Jungledrop by Abi Elphinstone

The second story in the Unmapped Chronicles is full of adventure, magic, threat and danger and, most importantly, of the transforming power of kindness and understanding.

Cover illustration by George Ermos

“Take the marble. Then run, girl, run headlong into this adventure. The Unmapped Kingdoms have chosen you and, when magic sets its sights on someone, it’s remarkably hard to wriggle free.”

The Petty-Squabble family is not a happy one. Eleven year old twins Fox and Fibber are united in only one way, a desperate desire to inherit the family fortune and avoid being banished to Antarctica by their business obsessed parents. The children’s separate plans find them together in a mysterious antique shop in a small Bavarian town where an old man reveals that Fox and Fibber have unwittingly released long hidden magic and that magic has chosen them to travel on a quest to save the world.

When the twins are then whisked away to the magical world of Jungledrop, one of the Unmapped kingdoms in charge of our world’s weather, they quickly learn that everything they have been taught by their parents; stamping on others to get on in the world, showing kindness is a sign of weakness and success is measured by wealth, all of this is no use at all when you are up against an evil harpy named Morg and time is running out. They are going to have to learn a different way of behaving and perhaps most difficult of all they are going to have to learn to work together.

Although inspired by the Amazon rainforest the land of Jungledrop is a gorgeously imagined one and Abi Elphinstone has once more created a world that will enchant young readers just like Narnia did for previous generations. This is a world of magical rooftop pathways, mysterious caves holding secrets and enchanted temples. The threat to this magical kingdom mirrors the threat to our own habitats and the story encourages children to notice the beauty and the fragility of the natural world about them and to help to protect it if they can.

In addition to the fabulous setting the reader meets equally fabulous characters. My own favourite was the talking parrot, Heckle, who not only is able to read your mind but also never stops telling everyone what those thoughts are. She has, as you may imagine, a large part to play in the adventure! There are panthers, apothecaries, flying creatures, magical plants and an enchanted map among other delights and this imagined cast of characters build together to create an intricately plotted and satisfying story. At the heart of it all are Fox and Fibber, two of the most unlikely, and in Fox in particular, frankly unlikeable heroes. Yet their development throughout the adventure is what gives this story its heart and the important theme that does, I think, give this book an added impact. This is ultimately a story of redemption, of discovering that kindness is important and that by opening yourself up to others and sharing goals and ideas life can be easier and happier for everyone including yourself.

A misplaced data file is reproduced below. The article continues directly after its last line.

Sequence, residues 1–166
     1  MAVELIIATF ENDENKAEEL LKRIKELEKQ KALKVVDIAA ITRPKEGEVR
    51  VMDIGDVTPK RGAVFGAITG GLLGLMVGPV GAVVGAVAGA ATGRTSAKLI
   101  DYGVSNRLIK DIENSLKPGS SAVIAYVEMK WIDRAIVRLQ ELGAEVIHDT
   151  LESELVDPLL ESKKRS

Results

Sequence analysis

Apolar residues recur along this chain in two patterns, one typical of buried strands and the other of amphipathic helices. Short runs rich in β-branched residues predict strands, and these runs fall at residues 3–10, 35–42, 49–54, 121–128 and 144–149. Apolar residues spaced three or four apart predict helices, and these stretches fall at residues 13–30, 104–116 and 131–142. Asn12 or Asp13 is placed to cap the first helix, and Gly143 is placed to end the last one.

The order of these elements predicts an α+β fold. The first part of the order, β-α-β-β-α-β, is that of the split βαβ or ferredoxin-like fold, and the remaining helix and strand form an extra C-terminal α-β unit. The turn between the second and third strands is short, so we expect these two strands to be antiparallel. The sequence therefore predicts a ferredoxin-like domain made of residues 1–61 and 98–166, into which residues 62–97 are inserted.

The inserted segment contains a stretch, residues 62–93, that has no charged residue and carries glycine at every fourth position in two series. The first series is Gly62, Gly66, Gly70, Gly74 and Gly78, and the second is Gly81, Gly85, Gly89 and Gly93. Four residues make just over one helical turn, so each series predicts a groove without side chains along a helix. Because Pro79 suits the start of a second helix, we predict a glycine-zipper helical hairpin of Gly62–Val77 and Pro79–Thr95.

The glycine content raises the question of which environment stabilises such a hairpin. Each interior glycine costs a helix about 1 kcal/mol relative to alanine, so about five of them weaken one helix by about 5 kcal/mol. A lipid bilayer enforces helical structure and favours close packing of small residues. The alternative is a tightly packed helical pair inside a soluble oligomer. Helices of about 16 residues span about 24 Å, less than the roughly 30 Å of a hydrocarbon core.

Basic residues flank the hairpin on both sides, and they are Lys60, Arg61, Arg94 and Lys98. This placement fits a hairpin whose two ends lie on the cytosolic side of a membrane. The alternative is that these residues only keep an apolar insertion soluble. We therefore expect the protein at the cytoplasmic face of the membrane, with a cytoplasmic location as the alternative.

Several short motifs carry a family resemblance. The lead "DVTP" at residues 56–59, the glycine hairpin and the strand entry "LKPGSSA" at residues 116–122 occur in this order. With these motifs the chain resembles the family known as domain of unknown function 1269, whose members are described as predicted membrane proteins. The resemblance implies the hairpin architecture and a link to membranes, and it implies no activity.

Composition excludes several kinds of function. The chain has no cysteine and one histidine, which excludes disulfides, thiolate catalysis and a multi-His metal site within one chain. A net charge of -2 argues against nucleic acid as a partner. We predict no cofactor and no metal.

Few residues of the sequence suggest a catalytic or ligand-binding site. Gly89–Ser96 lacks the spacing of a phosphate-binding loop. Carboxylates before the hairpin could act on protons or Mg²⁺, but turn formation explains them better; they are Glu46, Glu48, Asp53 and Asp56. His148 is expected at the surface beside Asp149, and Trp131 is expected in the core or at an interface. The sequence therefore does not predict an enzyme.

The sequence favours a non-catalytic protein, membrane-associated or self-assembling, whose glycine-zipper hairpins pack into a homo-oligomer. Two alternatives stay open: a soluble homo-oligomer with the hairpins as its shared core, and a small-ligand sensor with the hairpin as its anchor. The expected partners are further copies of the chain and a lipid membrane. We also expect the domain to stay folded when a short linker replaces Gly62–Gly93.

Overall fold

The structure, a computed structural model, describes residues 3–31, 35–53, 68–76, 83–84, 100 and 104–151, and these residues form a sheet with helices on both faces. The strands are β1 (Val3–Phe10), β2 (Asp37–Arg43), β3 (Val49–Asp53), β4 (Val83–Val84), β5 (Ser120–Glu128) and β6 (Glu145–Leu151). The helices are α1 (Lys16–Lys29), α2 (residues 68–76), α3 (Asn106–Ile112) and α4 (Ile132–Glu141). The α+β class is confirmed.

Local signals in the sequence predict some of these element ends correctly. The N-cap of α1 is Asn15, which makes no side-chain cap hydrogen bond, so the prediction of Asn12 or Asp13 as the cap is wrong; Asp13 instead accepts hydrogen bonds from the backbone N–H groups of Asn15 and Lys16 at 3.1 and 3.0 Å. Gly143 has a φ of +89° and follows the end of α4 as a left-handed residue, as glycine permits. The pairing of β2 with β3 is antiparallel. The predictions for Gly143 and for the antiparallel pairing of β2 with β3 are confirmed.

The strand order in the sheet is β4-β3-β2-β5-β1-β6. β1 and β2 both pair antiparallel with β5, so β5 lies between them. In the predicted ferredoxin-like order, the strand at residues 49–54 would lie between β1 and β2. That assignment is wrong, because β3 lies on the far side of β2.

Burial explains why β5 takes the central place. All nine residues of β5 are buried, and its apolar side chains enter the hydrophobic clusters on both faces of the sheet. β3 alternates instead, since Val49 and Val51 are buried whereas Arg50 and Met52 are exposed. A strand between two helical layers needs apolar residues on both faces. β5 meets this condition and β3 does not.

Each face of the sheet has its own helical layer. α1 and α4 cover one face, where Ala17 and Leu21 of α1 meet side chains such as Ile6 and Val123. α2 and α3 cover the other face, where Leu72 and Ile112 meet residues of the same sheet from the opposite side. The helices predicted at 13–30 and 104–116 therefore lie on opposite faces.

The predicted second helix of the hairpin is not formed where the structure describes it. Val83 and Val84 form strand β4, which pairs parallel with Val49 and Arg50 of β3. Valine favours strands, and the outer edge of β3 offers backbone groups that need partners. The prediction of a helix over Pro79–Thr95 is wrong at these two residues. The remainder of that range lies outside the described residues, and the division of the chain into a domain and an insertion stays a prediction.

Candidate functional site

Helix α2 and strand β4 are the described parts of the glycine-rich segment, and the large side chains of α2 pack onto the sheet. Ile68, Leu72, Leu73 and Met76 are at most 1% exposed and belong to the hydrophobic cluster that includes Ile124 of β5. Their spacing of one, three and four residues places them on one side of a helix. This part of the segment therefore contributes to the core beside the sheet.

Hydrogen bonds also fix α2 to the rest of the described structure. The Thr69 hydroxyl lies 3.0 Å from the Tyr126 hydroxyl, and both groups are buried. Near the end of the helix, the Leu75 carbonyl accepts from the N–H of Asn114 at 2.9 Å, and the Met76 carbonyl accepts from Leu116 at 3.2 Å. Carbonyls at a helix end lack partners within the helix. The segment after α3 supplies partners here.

Comparisons have been made with both C S Lewis and Roald Dahl and I can understand why, the idea of a portal to another world is similar and one that has long held an appeal to readers. The names of many of the characters are reminiscent of Dahl and made me chuckle; how can you not feel sympathy for a magical flying stallion named Total Shambles or want to visit an apothecary called The Constant Whinge? Yet there are important differences. In Narnia the fantasy world was used partly to convey religious themes whereas the Unmapped Chronicles are focussed on the climate crisis which is something that resonates strongly with today’s young readers and could never have been imagined when C S Lewis wrote his books. Abi Elphinstone uses humour in Jungle Drop just as she did in Rumblestar but her humour is subtly different to that of Dahl, kinder and more forgiving. Perhaps in Dahl’s version of this story Fox would have been punished as the irritating children in Charlie and the Chocolate Factory were? In Abi Elphinstone’s hands Fox is guided and reassured in order to encourage change which is a much more hopeful and positive message for children.

This exciting story is an escape from reality but rooted in real life concerns. I thoroughly enjoyed reading it and feel sure young readers will too. Although the second in the series Jungledrop works perfectly well as a stand alone as sufficient background to the Unmapped Kingdoms is included, however I imagine children will want to read the others in the series too, the first of which is Everdark followed by Rumblestar. Everdark is to be rereleased in a dyslexia friendly format too. I should like to thank Abi Elphinstone and Simon and Schuster for providing my review copy.

Jungle Drop was published on 1st October and is available at your local bookshop or online.

Teachers may be interested in the range of teaching resources, video clips and ideas available on the Authorfy website. It is free to register on the site.

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2 Responses to Jungledrop by Abi Elphinstone

  1. Pingback: Reading Matters – news from the world of children’s books | Library Lady

  2. Pingback: The Crackledawn Dragon by Abi Elphinstone | Library Lady

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